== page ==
Singapore is a small city-state with a limited number of natural resources, according to Trade Chakra. Water is considered scarce in Singapore, and the government is taking measures to conserve it. Singapore has nonrenewable resources, including coal, oil and natural gas, but in very limited amounts. In an effort to increase the city-state's resource base, the government is investing heavily in developing renewable resources.
A renewable resource is a resource that can be replenished or replaced through biological reproduction or other natural processes. When energy is obtained from renewable resources, the strain placed on the limited supply of nonrenewable resources is reduced. Singapore relies on the use of biomass as a renewable energy source. Biomass utilizes the energy contained in organic matter such as leaves, wood, crops, bones and scales. It is stored energy, and biomass can be converted into fuel or electricity, according to Trade Chakra.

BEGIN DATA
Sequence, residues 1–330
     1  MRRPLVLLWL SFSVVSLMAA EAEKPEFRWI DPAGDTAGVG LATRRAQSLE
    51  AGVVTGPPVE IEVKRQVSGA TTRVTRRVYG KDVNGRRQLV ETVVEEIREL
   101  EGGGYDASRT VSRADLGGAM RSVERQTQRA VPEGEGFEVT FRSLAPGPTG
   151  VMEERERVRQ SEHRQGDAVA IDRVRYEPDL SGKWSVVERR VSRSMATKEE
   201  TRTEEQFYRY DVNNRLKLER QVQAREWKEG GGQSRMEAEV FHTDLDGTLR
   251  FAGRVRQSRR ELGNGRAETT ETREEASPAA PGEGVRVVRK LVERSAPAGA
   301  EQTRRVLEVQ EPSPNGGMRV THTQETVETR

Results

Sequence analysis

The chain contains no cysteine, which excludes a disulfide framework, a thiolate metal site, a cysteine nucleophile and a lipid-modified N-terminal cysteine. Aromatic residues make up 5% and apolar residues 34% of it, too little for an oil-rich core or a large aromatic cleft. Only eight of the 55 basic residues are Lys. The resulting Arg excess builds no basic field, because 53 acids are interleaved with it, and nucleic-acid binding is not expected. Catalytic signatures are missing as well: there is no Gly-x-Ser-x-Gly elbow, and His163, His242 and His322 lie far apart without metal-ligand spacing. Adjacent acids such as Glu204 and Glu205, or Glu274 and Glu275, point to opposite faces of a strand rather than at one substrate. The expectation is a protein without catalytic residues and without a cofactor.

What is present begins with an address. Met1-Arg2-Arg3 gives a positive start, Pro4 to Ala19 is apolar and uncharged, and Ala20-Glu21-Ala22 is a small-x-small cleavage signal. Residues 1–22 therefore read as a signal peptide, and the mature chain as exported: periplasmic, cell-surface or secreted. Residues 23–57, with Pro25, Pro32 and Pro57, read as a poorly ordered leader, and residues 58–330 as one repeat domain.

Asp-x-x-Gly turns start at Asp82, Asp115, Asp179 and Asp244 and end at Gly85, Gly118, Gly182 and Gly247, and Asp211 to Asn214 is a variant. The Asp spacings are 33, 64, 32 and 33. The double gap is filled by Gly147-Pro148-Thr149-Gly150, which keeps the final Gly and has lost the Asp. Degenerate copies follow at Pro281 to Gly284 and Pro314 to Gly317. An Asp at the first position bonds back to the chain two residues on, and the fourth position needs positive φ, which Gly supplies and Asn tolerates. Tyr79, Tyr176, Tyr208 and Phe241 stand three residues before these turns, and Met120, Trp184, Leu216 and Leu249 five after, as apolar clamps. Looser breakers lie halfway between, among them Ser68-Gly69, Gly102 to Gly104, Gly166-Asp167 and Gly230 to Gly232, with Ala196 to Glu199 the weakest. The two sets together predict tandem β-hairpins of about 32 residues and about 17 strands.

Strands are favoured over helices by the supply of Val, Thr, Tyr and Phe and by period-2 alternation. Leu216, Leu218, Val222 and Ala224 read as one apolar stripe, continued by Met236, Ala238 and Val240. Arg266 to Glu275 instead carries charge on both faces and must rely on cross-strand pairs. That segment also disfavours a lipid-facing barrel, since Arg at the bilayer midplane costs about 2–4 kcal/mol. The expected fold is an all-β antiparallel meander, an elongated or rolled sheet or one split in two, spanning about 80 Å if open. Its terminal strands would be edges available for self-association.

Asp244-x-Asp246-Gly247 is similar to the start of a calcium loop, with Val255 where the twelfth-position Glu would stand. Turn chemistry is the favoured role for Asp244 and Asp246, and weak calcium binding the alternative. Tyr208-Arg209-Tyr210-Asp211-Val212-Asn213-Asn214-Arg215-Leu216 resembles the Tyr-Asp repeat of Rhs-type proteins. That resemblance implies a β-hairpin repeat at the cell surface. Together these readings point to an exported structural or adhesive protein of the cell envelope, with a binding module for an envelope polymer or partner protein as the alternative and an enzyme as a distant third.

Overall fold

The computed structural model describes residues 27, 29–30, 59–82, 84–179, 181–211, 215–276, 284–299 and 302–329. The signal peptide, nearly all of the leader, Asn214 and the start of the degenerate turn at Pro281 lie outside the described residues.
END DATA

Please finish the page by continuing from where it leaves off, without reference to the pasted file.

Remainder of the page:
Singapore has the potential to benefit from solar power, but it can't effectively use solar power due to a lack of land. Singapore relies on natural gas to generate 80 percent of its electricity. Because Singapore has a low base of nonrenewable resources, such as coal, oil and gas, the city-state relies heavily on imports.